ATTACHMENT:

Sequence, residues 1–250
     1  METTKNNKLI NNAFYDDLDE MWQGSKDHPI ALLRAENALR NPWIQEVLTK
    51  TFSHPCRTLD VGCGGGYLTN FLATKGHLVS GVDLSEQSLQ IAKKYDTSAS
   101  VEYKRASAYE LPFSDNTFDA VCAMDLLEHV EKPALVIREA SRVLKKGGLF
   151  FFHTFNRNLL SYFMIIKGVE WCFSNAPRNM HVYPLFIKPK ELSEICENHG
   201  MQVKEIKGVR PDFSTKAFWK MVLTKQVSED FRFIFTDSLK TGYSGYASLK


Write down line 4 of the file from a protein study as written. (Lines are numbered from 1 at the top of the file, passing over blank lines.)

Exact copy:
   101  VEYKRASAYE LPFSDNTFDA VCAMDLLEHV EKPALVIREA SRVLKKGGLF